On January 13, 2006, as part of a triennial evaluation, the student was evaluated by the district's psychologist (Joint Ex. 13). Administration of the Wechsler Abbreviated Scale of Intelligence (WASI) yielded a verbal IQ standard score (SS) of 95 (37th percentile), a performance IQ SS of 104 (61st percentile), and a full scale IQ SS of 100 (50th percentile) (id. at p. 3). According to the psychologist, the results of the evaluation indicated that the student functioned within the average range of intelligence (id. at p. 3). The psychologist opined that the student's visual-spatial abilities were slightly better developed than his ability to express himself verbally (Tr. p. 135; Joint Ex. 13 at pp. 3, 4). The student's math and reading skills were assessed using the Woodcock-Johnson III Tests of Achievement (WJ III ACH) (Joint Ex. 13 at p. 4). The student's performance yielded a letter-word identification SS of 76 (5th percentile), a passage comprehension SS of 84 (15th percentile), a calculation SS of 75 (4th percentile), and an applied problems SS of 90 (25th percentile) (id.). The examiner reported that the student continued to evidence significant delays in word recognition, basic math facts, and to a lesser extent, reading comprehension (Tr. pp. 135, 169, 248; Joint Ex. 13 at pp. 3-4).
On May 9, 2006, the CSE convened to develop an IEP for the student's 2006-07 school year (Parent Ex. E at p. 2). The IEP noted that the student was functioning below grade level in written expression, in reading comprehension and in spelling, that the student had difficulty completing assignments, and that the student's classroom behavior occasionally interfered with instruction (id. at pp. 4-5). The IEP developed at this meeting provided for daily academic instruction in 15:1 special class settings with one 40-minute group counseling session bi-monthly, which was a reduction from the weekly counseling sessions provided during the previous school year (id. at p. 2). In October 2006, the student's mother and the counselor orally agreed to change the group counseling to individual counseling (Tr. p. 417).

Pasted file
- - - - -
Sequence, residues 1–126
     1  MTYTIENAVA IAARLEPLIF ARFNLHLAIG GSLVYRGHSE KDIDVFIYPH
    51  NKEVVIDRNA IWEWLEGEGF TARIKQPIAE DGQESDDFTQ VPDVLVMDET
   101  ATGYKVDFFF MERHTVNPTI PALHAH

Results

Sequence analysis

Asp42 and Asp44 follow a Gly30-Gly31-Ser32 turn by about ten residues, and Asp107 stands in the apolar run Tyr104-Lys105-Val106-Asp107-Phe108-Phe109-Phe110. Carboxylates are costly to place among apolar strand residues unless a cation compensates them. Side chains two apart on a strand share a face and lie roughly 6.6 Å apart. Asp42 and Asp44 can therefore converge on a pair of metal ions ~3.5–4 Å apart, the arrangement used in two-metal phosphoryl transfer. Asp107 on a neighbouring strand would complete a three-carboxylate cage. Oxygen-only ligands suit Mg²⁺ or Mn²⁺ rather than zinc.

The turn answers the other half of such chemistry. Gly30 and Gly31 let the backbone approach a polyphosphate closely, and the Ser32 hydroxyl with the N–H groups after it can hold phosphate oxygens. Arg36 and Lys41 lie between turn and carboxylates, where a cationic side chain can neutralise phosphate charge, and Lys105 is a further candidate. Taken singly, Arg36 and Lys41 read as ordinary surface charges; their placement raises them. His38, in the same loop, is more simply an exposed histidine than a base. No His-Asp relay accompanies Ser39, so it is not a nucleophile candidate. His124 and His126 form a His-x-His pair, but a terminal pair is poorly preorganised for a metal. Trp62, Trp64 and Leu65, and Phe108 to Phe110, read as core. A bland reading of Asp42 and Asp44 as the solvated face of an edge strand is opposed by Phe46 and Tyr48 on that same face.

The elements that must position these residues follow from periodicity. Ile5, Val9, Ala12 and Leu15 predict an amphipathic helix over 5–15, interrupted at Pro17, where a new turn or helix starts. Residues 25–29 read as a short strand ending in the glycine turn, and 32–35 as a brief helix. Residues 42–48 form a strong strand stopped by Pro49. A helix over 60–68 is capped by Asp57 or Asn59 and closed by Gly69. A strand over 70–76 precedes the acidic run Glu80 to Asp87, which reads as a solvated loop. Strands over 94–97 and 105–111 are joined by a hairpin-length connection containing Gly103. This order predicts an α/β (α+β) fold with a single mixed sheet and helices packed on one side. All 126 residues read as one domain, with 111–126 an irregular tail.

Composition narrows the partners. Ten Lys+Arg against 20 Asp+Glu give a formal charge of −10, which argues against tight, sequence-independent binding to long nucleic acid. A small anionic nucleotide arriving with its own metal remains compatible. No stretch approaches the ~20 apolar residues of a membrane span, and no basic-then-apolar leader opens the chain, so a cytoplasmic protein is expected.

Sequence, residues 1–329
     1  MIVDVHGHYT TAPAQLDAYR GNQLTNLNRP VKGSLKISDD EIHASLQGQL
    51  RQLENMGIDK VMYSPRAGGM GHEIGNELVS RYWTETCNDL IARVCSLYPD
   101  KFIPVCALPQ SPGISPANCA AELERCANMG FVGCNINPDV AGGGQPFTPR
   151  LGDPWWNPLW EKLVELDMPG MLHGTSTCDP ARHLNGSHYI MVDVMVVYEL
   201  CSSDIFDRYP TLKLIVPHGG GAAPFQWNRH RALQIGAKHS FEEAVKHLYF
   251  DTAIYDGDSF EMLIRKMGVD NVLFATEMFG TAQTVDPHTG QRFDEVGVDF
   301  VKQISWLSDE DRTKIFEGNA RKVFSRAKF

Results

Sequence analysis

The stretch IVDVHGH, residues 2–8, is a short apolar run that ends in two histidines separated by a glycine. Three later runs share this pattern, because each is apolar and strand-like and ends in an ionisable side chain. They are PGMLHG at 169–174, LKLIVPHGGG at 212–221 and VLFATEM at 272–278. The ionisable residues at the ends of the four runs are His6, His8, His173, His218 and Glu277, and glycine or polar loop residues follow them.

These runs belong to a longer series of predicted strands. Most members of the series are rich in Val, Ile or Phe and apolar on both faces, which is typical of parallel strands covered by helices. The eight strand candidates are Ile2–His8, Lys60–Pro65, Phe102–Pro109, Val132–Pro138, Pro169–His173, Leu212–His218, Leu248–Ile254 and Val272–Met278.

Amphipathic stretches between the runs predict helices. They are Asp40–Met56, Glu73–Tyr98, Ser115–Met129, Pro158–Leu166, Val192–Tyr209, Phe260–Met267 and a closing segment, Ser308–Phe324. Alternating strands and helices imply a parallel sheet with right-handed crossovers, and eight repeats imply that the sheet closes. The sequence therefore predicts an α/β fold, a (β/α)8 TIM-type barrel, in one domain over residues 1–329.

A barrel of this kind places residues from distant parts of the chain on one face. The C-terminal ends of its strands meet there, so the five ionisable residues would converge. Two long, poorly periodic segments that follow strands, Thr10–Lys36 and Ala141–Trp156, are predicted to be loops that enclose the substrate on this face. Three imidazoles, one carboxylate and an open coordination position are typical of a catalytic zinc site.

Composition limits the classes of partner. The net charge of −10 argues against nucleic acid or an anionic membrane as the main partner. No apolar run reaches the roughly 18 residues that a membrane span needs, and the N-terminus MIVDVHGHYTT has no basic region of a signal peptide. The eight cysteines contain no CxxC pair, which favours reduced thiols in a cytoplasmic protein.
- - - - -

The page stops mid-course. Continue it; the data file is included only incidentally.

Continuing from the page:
During fall 2006, the student began to fall behind in his classes (Tr. pp. 407-08, 1008-09). The first quarter report card stated that the student received a 63 in math, a 67 in English and a 67 in global studies (Dist. Ex. 37 at p. 2). An interim report card, covering the period between November 13, 2006 and December 12, 2006, reported that the student had an average of 50 or below in math and that he had missing/incomplete homework assignments and/or projects (id. at p. 3). During this time period, the student also committed several disciplinary infractions at school such as leaving school grounds, demonstrating disrespectful behavior on the bus, smoking, cutting classes and leaving classes without returning (Tr. pp. 141, 277-79, 285, 423, 502, 1005-07; Dist. Exs. 37 at p. 4; 52 at pp. 12-13; Parent Ex. X at p. 2). In October 2006, the student was involved in an incident in the cafeteria which resulted in him receiving three days of out-of-school suspension (Tr. pp. 1005-06).
The student was evaluated by a private psychologist over three days beginning on